MSRT September 2013 – Win32/Simda


 

This month’s Microsoft Malicious Software Removal Tool (MSRT) release includes one new malware family – the high-volume banking trojan Win32/Simda.
 
Simda is a multi-component malware family that includes trojan, backdoor, password-stealing, downloader and file-infector variants. It is very rare for a single malware family to possess all of these characteristics; Alureon and Sirefef are among the few families also in this category.

Simda was first seen in mid-2009 with samples detected as Backdoor:Win32/Simda.A. This variant allows a remote user to connect to an infected machine and perform various malicious actions, such as stealing user credentials and taking screen grabs.

At the same time, the backdoor component drops a malicious DLL that is injected into Windows processes to gather user information. The DLL is detected as PWS:Win32/Simda.A.

The backdoor variant can exploit the following vulnerabilities to gain elevated privileges to perform more restrictive behaviors, such as Windows process injection (such as into Winlogon.exe, Explorer.exe):

It may also gain admin privileges by trying to brute-force the administrator password with a dictionary attack. Once it gets access, it gathers user information such as user names and passwords, logs keystrokes, and takes screen grabs.

The backdoor connects to its command and control server to report infection and download a configuration file. Once connected, a remote attacker can collect the stolen information and run other commands.

Like other top threats, we’ve also seen Simda use exploit kits and social engineering as attack vectors. For instance, it can disguise itself as a Flash update or be delivered as a PDF or Java exploit.

Simda targets e-banking systems

Simda has recently evolved from a typical password stealer to a banker trojan targeting mostly Russian and European banks.

Our telemetry in Figure 1 shows Russia topped the chart of infected countries from January to August 2013.

It is followed by the United States, Brazil, Turkey, and Canada.

 

igure 1: Simda threat report

Figure 1: Simda threat report (January-August 2013)

Win32/Simda hooks several APIs from Windows DLLs and third-party libraries for various purposes, including keylogging and gathering a user’s sensitive information related to a number of e-banking systems, including:

  • AGAVA

  • ALPHA

  • BS-CLIENT

  • BSS/BSSS

  • CC

  • COLV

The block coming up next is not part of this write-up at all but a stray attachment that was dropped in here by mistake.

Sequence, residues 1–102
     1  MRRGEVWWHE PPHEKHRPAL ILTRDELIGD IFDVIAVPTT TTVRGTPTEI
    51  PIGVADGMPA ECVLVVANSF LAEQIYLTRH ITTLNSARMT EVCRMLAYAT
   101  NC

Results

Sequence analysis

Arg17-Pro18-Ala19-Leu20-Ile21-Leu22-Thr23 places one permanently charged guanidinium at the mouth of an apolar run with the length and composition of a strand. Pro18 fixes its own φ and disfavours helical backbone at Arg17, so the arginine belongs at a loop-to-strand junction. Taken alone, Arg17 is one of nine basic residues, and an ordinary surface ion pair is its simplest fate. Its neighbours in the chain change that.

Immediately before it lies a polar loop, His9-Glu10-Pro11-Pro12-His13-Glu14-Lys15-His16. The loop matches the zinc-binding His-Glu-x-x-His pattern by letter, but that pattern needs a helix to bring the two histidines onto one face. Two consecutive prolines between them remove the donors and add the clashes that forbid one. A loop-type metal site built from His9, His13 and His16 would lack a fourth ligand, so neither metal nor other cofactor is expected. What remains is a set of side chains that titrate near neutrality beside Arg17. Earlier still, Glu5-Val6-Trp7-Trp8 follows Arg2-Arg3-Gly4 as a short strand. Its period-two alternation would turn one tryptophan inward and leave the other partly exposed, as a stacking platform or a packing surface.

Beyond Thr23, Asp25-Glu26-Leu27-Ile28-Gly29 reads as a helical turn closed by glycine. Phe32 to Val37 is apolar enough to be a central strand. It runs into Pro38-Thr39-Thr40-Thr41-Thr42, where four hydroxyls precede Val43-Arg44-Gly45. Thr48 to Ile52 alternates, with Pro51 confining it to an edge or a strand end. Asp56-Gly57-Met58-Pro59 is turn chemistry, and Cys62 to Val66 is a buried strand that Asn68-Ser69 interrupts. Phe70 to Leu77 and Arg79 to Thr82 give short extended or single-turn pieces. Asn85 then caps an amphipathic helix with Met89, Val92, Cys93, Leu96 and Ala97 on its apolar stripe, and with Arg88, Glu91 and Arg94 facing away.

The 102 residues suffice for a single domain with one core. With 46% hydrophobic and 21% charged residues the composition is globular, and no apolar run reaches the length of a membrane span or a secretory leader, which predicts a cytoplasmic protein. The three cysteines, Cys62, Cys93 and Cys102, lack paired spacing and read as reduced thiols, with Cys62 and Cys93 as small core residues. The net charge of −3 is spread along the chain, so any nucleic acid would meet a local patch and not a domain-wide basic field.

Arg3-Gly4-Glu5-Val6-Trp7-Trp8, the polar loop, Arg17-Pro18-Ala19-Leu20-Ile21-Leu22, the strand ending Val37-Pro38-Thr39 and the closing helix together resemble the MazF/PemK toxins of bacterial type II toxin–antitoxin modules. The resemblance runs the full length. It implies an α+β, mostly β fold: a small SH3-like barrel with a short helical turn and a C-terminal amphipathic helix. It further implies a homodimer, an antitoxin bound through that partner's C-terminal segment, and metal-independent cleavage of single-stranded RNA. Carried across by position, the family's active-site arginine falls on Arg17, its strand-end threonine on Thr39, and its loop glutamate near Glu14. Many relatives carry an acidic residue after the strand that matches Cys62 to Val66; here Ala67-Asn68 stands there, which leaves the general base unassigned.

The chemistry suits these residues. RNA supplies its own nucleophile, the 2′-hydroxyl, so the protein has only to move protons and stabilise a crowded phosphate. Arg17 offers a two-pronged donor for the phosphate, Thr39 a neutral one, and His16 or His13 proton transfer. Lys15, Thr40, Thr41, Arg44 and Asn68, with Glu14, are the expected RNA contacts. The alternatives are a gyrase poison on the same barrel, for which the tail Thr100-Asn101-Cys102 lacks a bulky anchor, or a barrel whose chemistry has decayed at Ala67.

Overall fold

• CRAIF

  • FAKTURA

  • IBANK

  • INIST

  • INTER-PRO

  • ISB

  • KBP

  • RAIFF

  • RFK

  • RSTYLE

  • SBER

  • VEFK

  • VTB24

A complete hooked API list is available in the Win32/Simda family description.

Traffic manipulation

As well as blocking access to some security websites, Win32/Simda is also known to inject its own malicious JavaScript into a webpage by replacing the reference to “google-analytics” with its own code.

It can also modify the search engine of a user’s browser to its own liking, for example to “findgala.com”.

Figure 2: Simda code replacing a browser’s search engine.

Figure 2: Simda code replacing a browser’s search engine.

Win32/Simda is a classic example of a complex malware threat. It has several components with specific behavior that, when working together, pose a significant threat to the security community and especially to individual computer users.

This malware family has been able to find ways to exist and operate for a long time. From a typical backdoor and password stealing malware to a complex botnet and banking trojan, it’s clear that Simda’s authors have shown they are attempting to adapt to changing security measures.

We’ve targeted it in the September release of MSRT to ensure our users are protected from this banking trojan.

Our Win32/Simda family description has more technical details about this threat.  

SHA-1s:

9d4a73ede108c6df628fa93c75a275671ab2ac6a 
970008499c9915bf2c693eb614b9f5ea501436e9
d92275455c9acbe5d3b58c06a45c1206c9cf97c3

Rex Plantado

MMPC


Comments (6)

  1. Judy Manza says:

    I received a phone call about this today purporting to be from microsoft, with the caller insistent that I turn on my computer and follow their step-by-step directions, which i did not do.  i am assuming this was not a legitimate call–hopefully i am correct.  What I cannot figure out from your article on this page is what to do about the threat.  Thanks for your help!

  2. Pieter de Bruin says:

    Hi Judy,

    The first link in this article leads you to the Microsoft Malicious Software Removal Tool (MSRT), which you can use to hunt simda and many other.

    Safe computing,

    Pieter

  3. Ed says:

    @Judy, Those scammers have been calling for a couple of years now…..

  4. Meitzi says:

    Judy:

    You can read this if want to know what happend if you play along:

    http://www.wired.co.uk/…/malwarebytes

    (you can report phone scam to police)

  5. John Scott says:

    Have noticed some users actually think this tool is a replacement for Anti Malware applications. Far as I can tell them its a supplement to remove some of the most prevalent infections on a persons PC that may not have any security application running. I myself just removed a couple rootkits from 3 PC's I had running MSE. Was a bit disappointed it did not at least detect them. Found another free rootkit cleaner that found them right away? You know that's the problem. You not supposed to use multiple Anti Malware apps. as they may conflict with one another. But no one application seems to be totally effective.

  6. Stan says:

    I received the following phone message:
    Warning that Microsoft Windows will be stopped on your computer.
    To activate windows call on 8446660661
    Dear customer windows license of your computer has expired.
    To renew call on 8446660661
    Attention your expired windows will be locked down.
    Call now 8446660661
    Thank you

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